Edmonds councilmembers consider ARPA funding allocation for local schools

Edmonds School Board President Nancy Katims, bottom row-far right, discusses the school district’s proposal for city ARPA funds. Also appearing, clockwise from upper left: City councilmembers Will Chen and Susan Paine, District Finance Director Lydia Sellie, City Community Services and Economic Development Director Todd Tatum and City Finance Director Dave Turley.

A proposal from the Edmonds School District to use a portion of the City of Edmonds’ American Rescue Plan Act (ARPA) dollars to fund student intervention coordinators at three local elementary schools received a positive response from the Edmonds City Council’s Finance Committee during a meeting Tuesday.

School Board President Nancy Katims and District Finance Director Lydia Sellie made their case for the funding during a virtual committee meeting Tuesday. Katims explained that as part of district budget cuts, the coordinator positions — also known as SInCs — were eliminated in the district’s smallest elementary schools, three of which are in the city of Edmonds: Chase Lake, Seaview and Edmonds.

Student intervention coordinators “help to mitigate situations where students in classrooms and elsewhere in the school setting need special intervention to address social/emotional behavioral needs,” Katims explained, adding that “many of our kids are still suffering from the isolation they experienced during remote learning,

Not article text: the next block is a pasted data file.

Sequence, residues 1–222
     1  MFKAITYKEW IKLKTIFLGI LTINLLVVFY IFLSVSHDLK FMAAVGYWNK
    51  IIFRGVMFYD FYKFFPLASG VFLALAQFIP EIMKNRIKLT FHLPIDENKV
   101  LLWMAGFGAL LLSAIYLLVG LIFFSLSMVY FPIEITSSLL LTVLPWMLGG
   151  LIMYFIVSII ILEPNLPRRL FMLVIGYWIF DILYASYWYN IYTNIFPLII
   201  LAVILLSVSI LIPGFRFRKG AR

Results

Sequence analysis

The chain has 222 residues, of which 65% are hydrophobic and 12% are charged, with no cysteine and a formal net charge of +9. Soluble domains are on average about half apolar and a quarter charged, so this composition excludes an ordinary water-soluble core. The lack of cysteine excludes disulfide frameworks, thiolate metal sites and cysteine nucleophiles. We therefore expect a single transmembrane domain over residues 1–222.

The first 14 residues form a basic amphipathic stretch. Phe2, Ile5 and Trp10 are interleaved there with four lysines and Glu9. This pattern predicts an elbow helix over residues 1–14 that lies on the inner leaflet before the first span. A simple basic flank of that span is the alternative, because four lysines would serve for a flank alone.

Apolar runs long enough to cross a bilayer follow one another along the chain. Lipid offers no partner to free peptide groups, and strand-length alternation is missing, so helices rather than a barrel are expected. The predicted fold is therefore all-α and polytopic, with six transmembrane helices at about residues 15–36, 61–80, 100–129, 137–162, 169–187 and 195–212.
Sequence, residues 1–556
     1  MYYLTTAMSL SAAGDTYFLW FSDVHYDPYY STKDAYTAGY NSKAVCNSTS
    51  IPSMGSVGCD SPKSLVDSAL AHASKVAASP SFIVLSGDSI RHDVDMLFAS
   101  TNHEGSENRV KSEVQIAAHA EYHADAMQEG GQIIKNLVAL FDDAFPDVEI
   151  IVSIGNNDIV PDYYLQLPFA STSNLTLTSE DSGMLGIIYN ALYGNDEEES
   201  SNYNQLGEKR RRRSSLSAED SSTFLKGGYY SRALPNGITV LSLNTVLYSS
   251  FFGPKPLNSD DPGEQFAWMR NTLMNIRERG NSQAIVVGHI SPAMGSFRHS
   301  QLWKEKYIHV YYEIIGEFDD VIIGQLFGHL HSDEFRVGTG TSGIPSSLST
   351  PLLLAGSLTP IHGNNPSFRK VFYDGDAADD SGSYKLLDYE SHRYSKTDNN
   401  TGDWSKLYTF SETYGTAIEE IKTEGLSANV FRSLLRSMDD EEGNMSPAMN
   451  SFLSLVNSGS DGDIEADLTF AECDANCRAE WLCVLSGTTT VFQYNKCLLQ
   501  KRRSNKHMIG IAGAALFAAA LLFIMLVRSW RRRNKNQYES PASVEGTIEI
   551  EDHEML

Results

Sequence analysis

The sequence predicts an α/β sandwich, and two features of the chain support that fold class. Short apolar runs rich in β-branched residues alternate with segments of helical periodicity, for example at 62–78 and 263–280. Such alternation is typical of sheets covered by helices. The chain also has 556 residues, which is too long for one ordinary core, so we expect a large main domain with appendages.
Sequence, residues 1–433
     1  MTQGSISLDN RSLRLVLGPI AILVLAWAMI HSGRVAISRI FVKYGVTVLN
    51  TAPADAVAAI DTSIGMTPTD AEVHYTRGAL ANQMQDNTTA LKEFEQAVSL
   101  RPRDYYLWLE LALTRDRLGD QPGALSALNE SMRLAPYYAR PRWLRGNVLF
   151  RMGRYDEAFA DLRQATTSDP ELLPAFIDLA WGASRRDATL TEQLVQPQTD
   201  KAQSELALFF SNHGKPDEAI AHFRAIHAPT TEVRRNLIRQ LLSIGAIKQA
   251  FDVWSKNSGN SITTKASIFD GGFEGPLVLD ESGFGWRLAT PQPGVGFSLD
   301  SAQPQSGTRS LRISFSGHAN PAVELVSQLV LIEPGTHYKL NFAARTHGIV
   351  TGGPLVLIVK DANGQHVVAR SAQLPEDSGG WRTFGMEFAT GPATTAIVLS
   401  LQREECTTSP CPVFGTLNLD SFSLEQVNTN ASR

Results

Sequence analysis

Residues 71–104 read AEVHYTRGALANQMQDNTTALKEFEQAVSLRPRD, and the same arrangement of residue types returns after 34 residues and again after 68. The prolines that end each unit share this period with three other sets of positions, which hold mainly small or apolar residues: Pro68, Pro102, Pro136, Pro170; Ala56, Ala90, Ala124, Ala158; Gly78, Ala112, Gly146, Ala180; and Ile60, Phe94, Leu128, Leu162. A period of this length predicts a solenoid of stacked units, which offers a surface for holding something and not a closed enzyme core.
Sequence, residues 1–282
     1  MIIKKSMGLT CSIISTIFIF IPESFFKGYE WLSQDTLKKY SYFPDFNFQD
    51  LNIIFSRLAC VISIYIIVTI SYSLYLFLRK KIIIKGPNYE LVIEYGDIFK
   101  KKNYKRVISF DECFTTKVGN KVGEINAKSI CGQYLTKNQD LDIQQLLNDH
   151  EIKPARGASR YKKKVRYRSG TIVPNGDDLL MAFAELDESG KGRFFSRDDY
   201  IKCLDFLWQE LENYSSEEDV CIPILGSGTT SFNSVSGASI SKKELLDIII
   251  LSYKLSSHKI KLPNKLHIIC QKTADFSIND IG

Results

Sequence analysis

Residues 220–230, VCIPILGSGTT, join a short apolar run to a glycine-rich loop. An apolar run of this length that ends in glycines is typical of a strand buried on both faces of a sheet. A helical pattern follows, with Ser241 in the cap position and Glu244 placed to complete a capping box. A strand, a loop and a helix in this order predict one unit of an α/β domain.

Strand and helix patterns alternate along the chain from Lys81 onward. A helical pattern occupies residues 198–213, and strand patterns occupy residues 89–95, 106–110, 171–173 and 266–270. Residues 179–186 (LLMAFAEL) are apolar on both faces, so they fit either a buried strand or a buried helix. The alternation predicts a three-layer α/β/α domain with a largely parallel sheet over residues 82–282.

“To have a person who can come in and help address the need of that individual student obviously helps all the kids in the school,” she continued, “because if a teacher has to interrupt the class to try to meet an individual child’s needs like that, the rest of the class suffers with the interruption.”

The district proposal requests two full-time equivalent positions, with one of them split between Seaview and Edmonds elementaries and the other assigned to Chase Lake.

Katims called it a “perfect match” for the district to use City of Edmonds ARPA funds, given the proposal provides direct support for students’ behavioral and social and emotional needs “that were caused and continuing to linger from the pandemic situation.”

The district’s $210,000 request would come from the city’s portion of ARPA funding that are now designated for job retraining. Katims acknowledged that the money was a short-term fix and stressed the district is working diligently to secure other funds for the positions — as well as to address other budget needs — beyond the 2023-24 school year.